It is not the mountain we conquer, but ourselves
Kilimanjaro, the highest peak in Africa, rises up above the plains to 5895m. A snow-capped free standing volcano, it dominates the landscape which withers below in the African sun.
It has seen the feet of many thousands of travellers each year, pitting their wits against this quiet monster. It has seen celebrities and ordinaries, the young, the old, the fast and the slow. The fastest ascent was just under 5 hours, the oldest person to scale its heights 86 years, the youngest just seven. It has seen the super fit and the not-so-fit. And it has been the work for many, many Tanzanians who nip up and down the trails carrying the needs of the traveller on their heads.
And then, there was me, sitting at Heathrow Airport, considering the approaching trek with as much enthusiasm as a tooth extraction; I was scared. And with good reason; I don’t have an ‘action girl’ self image; a 50-something, it’s more of a sloth-like demeanor who likes to while away my time dreaming.
Facts about Kilimanjaro
- Mount Kilimanjaro is the highest mountain in Africa and the highest free standing mountain in the world.
- The summit on Mount Kilimanjaro is called Uhuru Peak and stands at 5,895m or 19,341 feet.
- There are six official Kilimanjaro routes. Three routes – Machame, Umbwe, and Marangu – approach from the South, two routes – Shira and Lemosho – from the west and Rongai approaches from the North-East.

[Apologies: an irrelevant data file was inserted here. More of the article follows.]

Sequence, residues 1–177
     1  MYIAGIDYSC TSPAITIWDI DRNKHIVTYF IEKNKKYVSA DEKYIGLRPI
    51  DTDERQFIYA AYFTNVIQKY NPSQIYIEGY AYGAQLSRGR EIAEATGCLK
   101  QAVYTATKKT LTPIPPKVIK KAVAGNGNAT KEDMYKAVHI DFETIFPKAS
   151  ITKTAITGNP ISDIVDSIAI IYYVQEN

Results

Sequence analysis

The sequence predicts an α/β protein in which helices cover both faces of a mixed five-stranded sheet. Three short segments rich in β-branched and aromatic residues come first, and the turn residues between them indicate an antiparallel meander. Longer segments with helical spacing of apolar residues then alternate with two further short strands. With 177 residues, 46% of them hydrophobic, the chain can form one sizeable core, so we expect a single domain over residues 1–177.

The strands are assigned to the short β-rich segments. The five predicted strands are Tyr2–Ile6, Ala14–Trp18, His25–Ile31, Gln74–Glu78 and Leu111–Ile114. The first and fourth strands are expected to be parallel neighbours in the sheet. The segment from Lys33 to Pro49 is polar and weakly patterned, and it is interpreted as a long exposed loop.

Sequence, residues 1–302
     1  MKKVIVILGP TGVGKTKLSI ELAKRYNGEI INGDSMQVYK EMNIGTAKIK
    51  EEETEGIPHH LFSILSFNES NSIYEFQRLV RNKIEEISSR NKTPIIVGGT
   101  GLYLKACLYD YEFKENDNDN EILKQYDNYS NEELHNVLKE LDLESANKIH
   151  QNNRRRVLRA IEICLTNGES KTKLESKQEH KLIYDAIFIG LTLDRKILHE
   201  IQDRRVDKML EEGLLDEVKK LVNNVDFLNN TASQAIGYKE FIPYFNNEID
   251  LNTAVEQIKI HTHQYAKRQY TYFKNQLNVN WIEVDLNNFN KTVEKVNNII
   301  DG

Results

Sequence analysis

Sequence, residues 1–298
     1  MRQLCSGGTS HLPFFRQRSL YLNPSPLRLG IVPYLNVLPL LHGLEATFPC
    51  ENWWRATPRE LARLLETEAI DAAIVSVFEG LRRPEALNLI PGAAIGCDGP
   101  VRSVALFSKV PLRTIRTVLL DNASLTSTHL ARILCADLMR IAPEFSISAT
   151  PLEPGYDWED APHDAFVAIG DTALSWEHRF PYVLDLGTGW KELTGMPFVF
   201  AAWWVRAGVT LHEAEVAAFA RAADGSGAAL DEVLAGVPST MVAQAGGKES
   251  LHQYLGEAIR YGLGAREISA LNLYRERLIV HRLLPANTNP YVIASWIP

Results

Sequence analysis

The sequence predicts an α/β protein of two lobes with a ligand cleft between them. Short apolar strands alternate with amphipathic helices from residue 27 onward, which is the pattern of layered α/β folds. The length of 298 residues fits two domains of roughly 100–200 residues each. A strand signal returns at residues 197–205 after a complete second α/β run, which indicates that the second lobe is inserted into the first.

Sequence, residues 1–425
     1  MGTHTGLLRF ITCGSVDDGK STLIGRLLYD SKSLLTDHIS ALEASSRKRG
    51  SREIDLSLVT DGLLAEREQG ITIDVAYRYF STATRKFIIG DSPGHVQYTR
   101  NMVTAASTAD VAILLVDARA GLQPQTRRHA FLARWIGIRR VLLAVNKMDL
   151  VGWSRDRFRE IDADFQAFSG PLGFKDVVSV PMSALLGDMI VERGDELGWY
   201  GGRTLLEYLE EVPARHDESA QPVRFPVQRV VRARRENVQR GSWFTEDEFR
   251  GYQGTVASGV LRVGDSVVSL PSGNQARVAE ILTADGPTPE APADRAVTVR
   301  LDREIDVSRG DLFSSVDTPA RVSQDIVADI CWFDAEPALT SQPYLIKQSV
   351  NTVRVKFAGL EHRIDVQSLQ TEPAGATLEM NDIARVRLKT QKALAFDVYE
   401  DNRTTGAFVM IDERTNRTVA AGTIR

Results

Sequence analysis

- It is estimated that between 3-7 deaths a year. Deaths on the mountain occur due to various reasons including AMS (such as HACE and HAPE), falls, and hypothermia.
- The fastest ascent and descent of Mount Kilimanjaro is held by Swiss mountain runner, Karl Egloff, who ran to the top the summit and back in 6 hours and 42 minutes in August 2014.
- The fastest ascent by a women is held by German born Anne-Marie Flammersfeld, who in July 2015 climbed to the top of Mount Kilimanjaro in 8 Hrs 32 Minutes.
- The youngest person to reach the summit of Kilimanjaro is Keats Boyd, at the tender age of 7 years old.
- Angela Vorobeva is the oldest person and women to reach the summit of Mt. Kilimanjaro, aged 86 years.
That was what got me into this in the first place, dreaming that maybe, just maybe I could be standing at 5895m in front of the summit sign for Uhuru.
And from those dreams, I find myself on the roads between Marangu and the Rongai Gate, passing by the Sunday worshippers leave their churches, walking home, remembering happy times in Kenya with my daughter years ago. It distracts me a little from my panic.
In two hours, we reach the gate and our guide, Mussa, introduces us to Jonathon, our co-guide. “You will get to know the porters over the next few days,” he tells us as the groups of laden porters begin disappearing up the trail. There are 16 porters/guides/chefs looking after our group which is only three people!
The trail winds through pine forests, a 2m wide track is lined with potato plants. Local children run out of their houses as we pass by and join us, some asking for chocolate, some content to hold hands and be part of this spectacle of porters and mzungu.*
Briefly we are entertained by the family of colobus monkeys, a welcome moment which allows me for the first time to forget where I am trekking and enjoy the great leaps that these black and white monkeys take through the trees.
As the trail steepens, I already feel my breathing increasing and settling with each step. Walking in single file, I find that I have plenty of time to allow my sense of panic to rise, and fall quickly. My resolve, my positive mental attitude to wax and wane…I can do it, I can’t do it, I am suffocating, I can’t breathe. I am not sure which thought landed as I fell gratefully to sleep at Simba Camp, 2600m.